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Table 1. Other Properties of selected aluminum casting alloys Alloy


Density (gm/cc) 319 A356


A356-Cu C355


A356-CuZrMn 319+MnVZr 224


224 (RTA) 354 351


2.79 2.67


(2.68) 2.71


(2.68) (2.79) 2.81


(2.81) 2.71 2.70


to improve engine efficiency. Tis re- quires increased specific power output (horsepower per liter of engine dis- placement), accomplished by use of di- rect fuel injection, higher compression ratios and turbochargers. However, these improvements result in higher operating temperatures and pressures. Tis causes increased thermo-mechan- ical fatigue, particularly in the valve bridge between inlet and exhaust ports on the combustion face of cylinder heads. Engine designers have realized that further improvements will require better materials. Tis has been the main impetus for the development of new materials. Briefly, the alloys currently in use or


proposed are: • 319 alloy. • Primary A356 or 357. • A356+0.5Cu.


• A356+0.5Cu-Zr-Mn. • C355 alloy. • Optimized 319/320. • 224 alloy. • 351 alloy. It will also be useful to look at some


other properties. Te relative costs have been calculated using A356 alloy as a base point. Tese calculations used typical costs and recoveries for alloy- ing materials. (In these calculations copper was $3 per pound; and 351 alloy was assumed to contain 0.15% each of V and Zr.) Other factors enter into the cost of production, of course, but the values tabulated here are a good starting point for comparison. Te costs tabulated for 319 and 319+MnVZr are for primary versions of these alloys. Secondary versions would normally be less costly, but they would have signifi- cantly lower fatigue strength. How these values may be used are


illustrated is an example, comparing the two strongest alloys: RTA’s version


Many of the sessions at Metalcasting Congress were interactive and challenged the people in attendance.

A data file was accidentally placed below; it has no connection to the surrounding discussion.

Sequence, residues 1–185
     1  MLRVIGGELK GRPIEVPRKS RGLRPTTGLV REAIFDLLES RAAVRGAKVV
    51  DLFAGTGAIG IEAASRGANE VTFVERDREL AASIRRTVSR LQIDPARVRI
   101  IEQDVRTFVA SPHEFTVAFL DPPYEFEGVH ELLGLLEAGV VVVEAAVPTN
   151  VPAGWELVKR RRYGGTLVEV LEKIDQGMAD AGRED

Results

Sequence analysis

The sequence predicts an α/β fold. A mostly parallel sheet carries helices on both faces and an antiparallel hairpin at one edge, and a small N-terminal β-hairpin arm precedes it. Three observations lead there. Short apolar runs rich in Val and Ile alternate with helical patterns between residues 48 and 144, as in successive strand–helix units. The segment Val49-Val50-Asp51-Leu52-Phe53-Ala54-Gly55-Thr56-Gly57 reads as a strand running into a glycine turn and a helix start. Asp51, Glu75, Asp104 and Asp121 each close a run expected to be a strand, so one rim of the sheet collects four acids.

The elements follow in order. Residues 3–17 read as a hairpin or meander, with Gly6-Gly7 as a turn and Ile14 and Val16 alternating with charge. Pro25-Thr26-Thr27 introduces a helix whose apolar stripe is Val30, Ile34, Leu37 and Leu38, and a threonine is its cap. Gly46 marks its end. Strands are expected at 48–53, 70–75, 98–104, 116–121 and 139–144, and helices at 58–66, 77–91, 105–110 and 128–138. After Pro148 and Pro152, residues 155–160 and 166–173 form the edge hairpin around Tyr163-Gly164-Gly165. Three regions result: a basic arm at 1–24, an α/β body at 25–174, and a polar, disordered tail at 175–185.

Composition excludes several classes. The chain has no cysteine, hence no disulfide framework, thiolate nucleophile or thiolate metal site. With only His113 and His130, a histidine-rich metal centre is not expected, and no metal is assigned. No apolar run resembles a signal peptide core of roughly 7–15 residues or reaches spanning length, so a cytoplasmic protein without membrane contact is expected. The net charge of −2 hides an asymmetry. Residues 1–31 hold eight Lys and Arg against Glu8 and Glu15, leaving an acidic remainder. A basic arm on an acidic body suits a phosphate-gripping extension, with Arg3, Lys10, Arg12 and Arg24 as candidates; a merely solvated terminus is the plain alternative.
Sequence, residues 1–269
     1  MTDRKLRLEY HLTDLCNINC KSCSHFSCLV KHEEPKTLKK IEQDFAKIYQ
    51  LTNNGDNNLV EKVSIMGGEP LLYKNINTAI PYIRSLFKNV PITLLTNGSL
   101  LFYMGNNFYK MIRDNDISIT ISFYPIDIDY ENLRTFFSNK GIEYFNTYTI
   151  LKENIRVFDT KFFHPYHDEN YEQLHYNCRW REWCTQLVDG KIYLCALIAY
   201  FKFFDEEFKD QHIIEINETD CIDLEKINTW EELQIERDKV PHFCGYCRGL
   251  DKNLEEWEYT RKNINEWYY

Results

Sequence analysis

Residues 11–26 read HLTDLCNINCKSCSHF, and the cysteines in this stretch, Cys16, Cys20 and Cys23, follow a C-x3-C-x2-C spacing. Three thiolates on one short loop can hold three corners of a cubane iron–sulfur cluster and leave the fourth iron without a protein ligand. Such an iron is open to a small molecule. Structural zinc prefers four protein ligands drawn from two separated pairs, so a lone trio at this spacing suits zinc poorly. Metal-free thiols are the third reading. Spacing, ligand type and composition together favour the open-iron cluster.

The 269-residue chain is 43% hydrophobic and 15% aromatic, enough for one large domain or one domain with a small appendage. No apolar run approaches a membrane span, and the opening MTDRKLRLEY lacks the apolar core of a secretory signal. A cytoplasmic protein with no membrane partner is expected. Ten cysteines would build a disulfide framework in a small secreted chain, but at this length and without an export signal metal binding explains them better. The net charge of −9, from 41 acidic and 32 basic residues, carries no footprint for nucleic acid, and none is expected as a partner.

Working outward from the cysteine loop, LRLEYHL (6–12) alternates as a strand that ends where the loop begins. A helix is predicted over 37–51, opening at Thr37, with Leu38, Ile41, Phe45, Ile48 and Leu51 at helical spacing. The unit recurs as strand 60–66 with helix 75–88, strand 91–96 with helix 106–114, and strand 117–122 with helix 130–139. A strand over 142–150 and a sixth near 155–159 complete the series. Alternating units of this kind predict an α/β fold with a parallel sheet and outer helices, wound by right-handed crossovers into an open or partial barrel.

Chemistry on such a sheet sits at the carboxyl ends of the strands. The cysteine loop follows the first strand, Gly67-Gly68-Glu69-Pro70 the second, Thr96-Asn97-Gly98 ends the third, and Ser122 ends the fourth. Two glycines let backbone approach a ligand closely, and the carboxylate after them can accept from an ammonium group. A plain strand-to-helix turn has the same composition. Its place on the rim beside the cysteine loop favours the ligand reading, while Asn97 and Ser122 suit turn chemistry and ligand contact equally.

May 2018 MODERN CASTING | 49


Thermal Conductivity (25 C, W/m-K)


112 150


(<150) 150


(<150) (<112) 117


(d117) 125


140-160


Temper F


T6 T6 T6 T6 F


T62 T6


T61 T7


of 224 alloy and Alcoa’s 351 alloy. Tey have nearly the same strength, so the design (shape and size) of a cylinder head should be nearly the same for both materials. However, the density of 224 is 2.81/2.70=1.041 times greater. Te cost per pound is also slightly higher. If the base price of A356 is $1 per pound, then the material cost of a 20-lb. cylinder head in A356 alloy will be $20. Using 351 alloy, the cost is: 20 lb. x 2.70/2.67 x $ 1.126/lb. or


$22.77 Te same cylinder head in 224 alloy


will cost: 20 lb. x 2.81/2.67 x $ 1.128/lb or $23.74 Obviously, there is no cost incentive to use the 224 alloy. In addition, the thermal conductivity of 224 is less; as expected, because of its higher copper content. Similar comparisons can be made with other alloys. Castability is not presented in Table


1, but this is an important consider- ation. Typical experience with alloys similar to 224 (especially A206) sug-


Cost Differential (cents/lb)


6.9 -0- 1.1 2.2 2.7


13.1 7.5


12.8 4.9


12.6


gests that typical production costs will be 20 to 30% greater than for A356. With experience casting 354 alloy, and considering its similarity, 351 alloy was expected to exhibit similar castability. For these reasons 351 alloy was


chosen when customers requested material in cylinder heads and blocks for racing engines.


THE DISCOVERY Te production of automotive


blocks and heads puts significant demands on the foundry to produce sound, pressure tight castings in a wide range of shapes that have not neces- sarily been optimized for the casting process, from strong alloys. Many high strength alloys, particularly those that contain copper, sometimes suffer from castability concerns and may require more sophisticated gating or the use of extensive chilling to produce. 351 alloy generally has better mechanical proper- ties than A356 or C355, with cast- ability very similar to aluminum-silicon alloys without copper.


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